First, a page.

Internet of things In the Internet of things, the precise geographic location of a thing—and also the precise geographic dimensions of a thing—will be critical. Therefore, facts about a thing, such as its location in time and space, have been less critical to track because the person processing the information can decide whether or not that information was important to the action being taken, and if so, add the missing information (or decide to not take the action). (Note that some things in the Internet of things will be sensors, and sensor location is usually important.) The GeoWeb and Digital Earth are promising applications that become possible when things can become organized and connected by location. However, the challenges that remain include the constraints of variable spatial scales, the need to handle massive amounts of data, and an indexing for fast search and neighbor operations. In the Internet of things, if things are able to take actions on their own initiative, this human-centric mediation role is eliminated. Thus, the time-space context that we as humans take for granted must be given a central role in this information ecosystem. Just as standards play a key role in the Internet and the Web, geospatial standards will play a key role in the Internet of things.
Internet of things , the vision of the Internet of things has evolved due to a convergence of multiple technologies, including ubiquitous wireless communication, real-time analytics, machine learning, commodity sensors, and embedded systems. This means that the traditional fields of embedded systems, wireless sensor networks, control systems, automation (including home and building automation), and others all contribute to enabling the Internet of things (IoT).
Internet of things Given widespread recognition of the evolving nature of the design and management of the Internet of things, sustainable and secure deployment of IoT solutions must design for "anarchic scalability." Application of the concept of anarchic scalability can be extended to physical systems (i.e. controlled real-world objects), by virtue of those systems being designed to account for uncertain management futures. This "hard anarchic scalability" thus provides a pathway forward to fully realize the potential of Internet of things solutions by selectively constraining physical systems to allow for all management regimes without risking physical failure.
Internet of things Other applications that the Internet of things can provide is enabling extended home security features and home automation. The concept of an "Internet of living things" has been proposed to describe networks of biological sensors that could use cloud-based analyses to allow users to study DNA or other molecules.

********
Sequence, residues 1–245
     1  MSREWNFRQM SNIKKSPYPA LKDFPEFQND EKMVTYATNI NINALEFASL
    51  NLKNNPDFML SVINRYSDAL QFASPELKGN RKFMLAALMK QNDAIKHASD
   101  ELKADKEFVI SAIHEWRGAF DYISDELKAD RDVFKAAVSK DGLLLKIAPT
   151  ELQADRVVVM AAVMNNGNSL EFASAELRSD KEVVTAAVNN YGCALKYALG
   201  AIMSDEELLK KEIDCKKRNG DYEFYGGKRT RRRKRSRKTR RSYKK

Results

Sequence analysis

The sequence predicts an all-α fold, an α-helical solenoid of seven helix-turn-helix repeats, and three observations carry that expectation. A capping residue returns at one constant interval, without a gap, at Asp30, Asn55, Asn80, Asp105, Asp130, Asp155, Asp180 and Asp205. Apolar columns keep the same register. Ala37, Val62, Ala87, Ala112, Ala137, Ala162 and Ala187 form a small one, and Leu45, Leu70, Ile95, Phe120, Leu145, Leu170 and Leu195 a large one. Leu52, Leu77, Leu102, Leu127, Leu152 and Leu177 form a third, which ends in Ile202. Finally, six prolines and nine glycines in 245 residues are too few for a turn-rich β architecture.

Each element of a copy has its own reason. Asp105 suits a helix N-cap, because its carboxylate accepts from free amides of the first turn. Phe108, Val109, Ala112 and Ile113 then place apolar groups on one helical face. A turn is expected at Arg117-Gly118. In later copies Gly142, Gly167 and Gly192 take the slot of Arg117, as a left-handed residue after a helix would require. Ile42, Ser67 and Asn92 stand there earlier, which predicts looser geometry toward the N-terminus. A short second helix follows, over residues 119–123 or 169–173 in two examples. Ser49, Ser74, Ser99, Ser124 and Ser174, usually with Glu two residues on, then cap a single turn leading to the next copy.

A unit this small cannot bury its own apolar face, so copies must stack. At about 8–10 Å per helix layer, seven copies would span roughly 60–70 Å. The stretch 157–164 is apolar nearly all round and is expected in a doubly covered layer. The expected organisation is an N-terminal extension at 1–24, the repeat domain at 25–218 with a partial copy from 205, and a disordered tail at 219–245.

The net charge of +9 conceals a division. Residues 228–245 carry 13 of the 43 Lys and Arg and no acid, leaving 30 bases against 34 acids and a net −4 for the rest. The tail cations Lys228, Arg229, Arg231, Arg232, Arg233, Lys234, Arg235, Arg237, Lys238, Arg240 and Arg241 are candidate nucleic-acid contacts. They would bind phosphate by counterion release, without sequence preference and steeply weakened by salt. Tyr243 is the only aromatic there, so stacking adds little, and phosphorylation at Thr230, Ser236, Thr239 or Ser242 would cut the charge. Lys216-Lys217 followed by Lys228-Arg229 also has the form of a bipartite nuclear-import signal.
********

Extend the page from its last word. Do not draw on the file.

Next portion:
Internet of things The term "the Internet of Things" was coined by Kevin Ashton of Procter & Gamble, later MIT's Auto-ID Center, in 1999.
Internet of things As a response to increasing concerns over security, the Internet of Things Security Foundation (IoTSF) was launched on 23 September 2015. IoTSF has a mission to secure the Internet of things by promoting knowledge and best practice. Its founding board is made from technology providers and telecommunications companies including BT, Vodafone, Imagination Technologies and Pen Test Partners.
Internet of things In 2016, a distributed denial of service attack powered by Internet of things devices running the Mirai malware took down a DNS provider and major web sites.
Internet of things The term IIoT (Industrial Internet of Things) is often encountered in the manufacturing industries, referring to the industrial subset of the IoT. IIoT in manufacturing would probably generate so much business value that it will eventually lead to the fourth industrial revolution, so the so-called Industry 4.0. It is estimated that in the future, successful companies will be able to increase their revenue through Internet of things by creating new business models and improve productivity, exploit analytics for innovation, and transform workforce. The potential of growth by implementing IIoT will generate $12 trillion of global GDP by 2030.
Internet of things IoT frameworks might help support the interaction between "things" and allow for more complex structures like distributed computing and the development of distributed applications. Currently, some IoT frameworks seem to focus on real-time data logging solutions like Jasper Technologies, Inc. and Xively (formerly Cosm and before that Pachube), offering some basis to work with many "things" and have them interact. Future developments might lead to specific software-development environments to create the software to work with the hardware used in the Internet of things. Companies are developing technology platforms to provide this type of functionality for the Internet of things. Newer platforms are being developed, which add more intelligence. Foremost, IBM has announced cognitive IoT, which combines traditional IoT with machine intelligence and learning, contextual information, industry-specific models, and even natural language processing.
Internet of things In its original interpretation, one of the first consequences of implementing the Internet of things by equipping all objects in the world with minuscule identifying devices or machine-readable identifiers would be to transform daily life.
Mechatronics and the internet of things Mechatronics and the internet of things. The concept the Internet of Things is a new relative concept in the technology. It is a concept that is based on the interconnection of devices that are related with electronics, sensors, network connectivity and software and allows exchange of data with other devices.
Internet of things According to a recent study by Noura Aleisa and Karen Renaud at the University of Glasgow, "the Internet of Things' potential for major privacy invasion is a concern" with much of research "disproportionally focused on the security concerns of IoT." Among the "proposed
Internet of things The Internet of things requires huge scalability in the network space to handle the surge of devices. IETF 6LoWPAN would be used to connect devices to IP networks. With billions of devices being added to the Internet space, IPv6 will play a major role in handling the network layer scalability. IETF's Constrained Application Protocol, MQTT and ZeroMQ would provide lightweight data transport.
Internet of things There are three core sectors of the IoT: enterprise, home, and government, with the Enterprise Internet of Things (EIoT) being the largest of the three. By 2019, the EIoT sector is estimated to account for nearly 40% or 9.1 billion devices.